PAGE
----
2020 Volume AA2020 Pages AA2020-1-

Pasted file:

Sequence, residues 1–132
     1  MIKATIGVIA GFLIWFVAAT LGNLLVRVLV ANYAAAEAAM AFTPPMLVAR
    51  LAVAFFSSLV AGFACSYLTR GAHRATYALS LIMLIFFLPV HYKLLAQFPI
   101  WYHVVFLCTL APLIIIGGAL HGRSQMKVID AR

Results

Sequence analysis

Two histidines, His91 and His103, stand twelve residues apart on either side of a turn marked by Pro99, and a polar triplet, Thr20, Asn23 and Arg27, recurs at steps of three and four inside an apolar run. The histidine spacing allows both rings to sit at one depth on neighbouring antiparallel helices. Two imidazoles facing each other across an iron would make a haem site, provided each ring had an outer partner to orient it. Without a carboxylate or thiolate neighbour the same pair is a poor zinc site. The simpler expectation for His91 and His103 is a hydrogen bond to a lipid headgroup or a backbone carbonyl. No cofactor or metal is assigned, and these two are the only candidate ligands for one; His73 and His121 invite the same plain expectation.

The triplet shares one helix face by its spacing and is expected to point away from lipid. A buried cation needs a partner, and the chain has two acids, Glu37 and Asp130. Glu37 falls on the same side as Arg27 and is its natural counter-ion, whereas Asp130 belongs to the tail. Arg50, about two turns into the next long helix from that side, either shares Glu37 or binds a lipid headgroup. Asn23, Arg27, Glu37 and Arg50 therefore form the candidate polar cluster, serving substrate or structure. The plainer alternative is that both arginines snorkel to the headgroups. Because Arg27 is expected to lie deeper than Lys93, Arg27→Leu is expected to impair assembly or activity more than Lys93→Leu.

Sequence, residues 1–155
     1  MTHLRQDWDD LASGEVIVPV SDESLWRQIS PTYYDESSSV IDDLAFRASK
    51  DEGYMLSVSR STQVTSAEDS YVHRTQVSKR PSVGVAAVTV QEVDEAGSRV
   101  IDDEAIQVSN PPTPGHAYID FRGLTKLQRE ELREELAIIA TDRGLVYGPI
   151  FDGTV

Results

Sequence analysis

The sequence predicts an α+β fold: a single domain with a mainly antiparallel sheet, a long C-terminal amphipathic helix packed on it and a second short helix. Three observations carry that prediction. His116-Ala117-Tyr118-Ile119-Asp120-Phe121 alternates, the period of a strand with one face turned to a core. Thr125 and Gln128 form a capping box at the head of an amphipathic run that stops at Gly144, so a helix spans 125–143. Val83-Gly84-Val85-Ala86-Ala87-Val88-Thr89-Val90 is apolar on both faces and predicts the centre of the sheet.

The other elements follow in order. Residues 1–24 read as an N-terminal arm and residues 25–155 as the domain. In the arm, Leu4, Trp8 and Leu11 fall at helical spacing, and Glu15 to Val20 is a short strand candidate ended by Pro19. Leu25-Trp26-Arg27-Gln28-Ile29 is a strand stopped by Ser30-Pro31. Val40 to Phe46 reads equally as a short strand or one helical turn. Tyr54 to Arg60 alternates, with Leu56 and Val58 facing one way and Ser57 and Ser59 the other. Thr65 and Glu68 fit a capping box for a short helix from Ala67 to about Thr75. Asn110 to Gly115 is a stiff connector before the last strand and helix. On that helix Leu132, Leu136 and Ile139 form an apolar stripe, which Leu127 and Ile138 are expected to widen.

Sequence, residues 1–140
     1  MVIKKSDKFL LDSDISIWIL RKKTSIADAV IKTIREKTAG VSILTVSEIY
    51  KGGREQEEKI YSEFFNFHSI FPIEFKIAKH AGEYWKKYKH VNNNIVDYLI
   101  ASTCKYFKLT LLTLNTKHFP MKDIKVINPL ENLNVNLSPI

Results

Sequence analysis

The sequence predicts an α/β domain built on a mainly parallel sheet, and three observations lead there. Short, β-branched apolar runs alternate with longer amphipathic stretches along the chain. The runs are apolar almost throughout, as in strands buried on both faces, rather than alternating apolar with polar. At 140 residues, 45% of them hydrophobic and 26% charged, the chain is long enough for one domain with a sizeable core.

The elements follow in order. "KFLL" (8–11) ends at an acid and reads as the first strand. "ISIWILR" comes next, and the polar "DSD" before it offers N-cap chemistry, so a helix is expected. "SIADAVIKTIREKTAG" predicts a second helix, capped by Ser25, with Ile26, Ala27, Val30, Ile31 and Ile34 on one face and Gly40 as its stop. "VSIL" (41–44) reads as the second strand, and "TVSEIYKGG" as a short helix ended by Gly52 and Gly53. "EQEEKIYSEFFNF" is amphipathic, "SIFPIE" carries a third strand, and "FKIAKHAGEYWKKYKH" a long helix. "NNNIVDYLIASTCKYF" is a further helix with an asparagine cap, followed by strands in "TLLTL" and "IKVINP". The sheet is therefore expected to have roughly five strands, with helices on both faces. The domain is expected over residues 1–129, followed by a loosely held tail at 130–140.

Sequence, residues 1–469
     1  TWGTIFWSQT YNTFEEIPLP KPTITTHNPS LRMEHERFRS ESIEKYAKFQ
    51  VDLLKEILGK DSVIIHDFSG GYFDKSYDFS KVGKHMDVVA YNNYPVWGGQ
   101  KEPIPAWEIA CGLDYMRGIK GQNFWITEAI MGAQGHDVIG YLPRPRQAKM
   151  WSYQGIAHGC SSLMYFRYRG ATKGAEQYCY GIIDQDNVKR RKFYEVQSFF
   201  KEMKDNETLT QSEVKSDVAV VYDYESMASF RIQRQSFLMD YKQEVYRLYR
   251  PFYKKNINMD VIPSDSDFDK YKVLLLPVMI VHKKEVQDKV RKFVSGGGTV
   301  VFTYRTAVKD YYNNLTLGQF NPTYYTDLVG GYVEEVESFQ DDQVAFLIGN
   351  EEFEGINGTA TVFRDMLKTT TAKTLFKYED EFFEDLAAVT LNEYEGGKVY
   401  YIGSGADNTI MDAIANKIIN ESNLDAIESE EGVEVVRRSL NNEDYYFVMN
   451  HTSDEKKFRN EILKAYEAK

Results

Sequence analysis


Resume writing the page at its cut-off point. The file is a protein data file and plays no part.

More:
Animal shape has become sophisticated through evolution or phenotypic plasticity to adapt and survive changing environmental conditions. Sexual differences, which are sex-specific characteristics, form an important research topic that has also long fascinated biologists. Morphometrics is a traditional approach that enables the quantitative description and interpretation of variation in shape based on morphological features. In this study, we attempted to apply two morphometrics approaches (landmark-based or measurement-based) to identify sexual dimorphic traits in the carapace of the horsehair crab, Erimacrus isenbeckii (Brandt, 1848). Both approaches revealed that its carapace showed apparent sexual dimorphism, enabling the discrimination of the male and female carapace with more than 90 % accuracy. Moreover, the landmark-based approach found that carapace shape showed fluctuating asymmetry as well as directional asymmetry in both males and females. Fluctuating asymmetry consists of small random deviations from perfect bilateral symmetry and may be tightly linked to environmental changes. Our data suggest that responsiveness to environmental stressors during carapace formation might be different in female and male horsehair crabs. This study indicates that landmark-based geometric and traditional morphometrics can serve as a strong tool to distinguish female from male horsehair crabs using carapace shape. This is the first report to detail the use of morphological features to show sexual differences in horsehair crab. Morphometric parameters obtained from this study will be a useful reference dataset that can be applied for geographic comparisons of carapace shape of horsehair crab.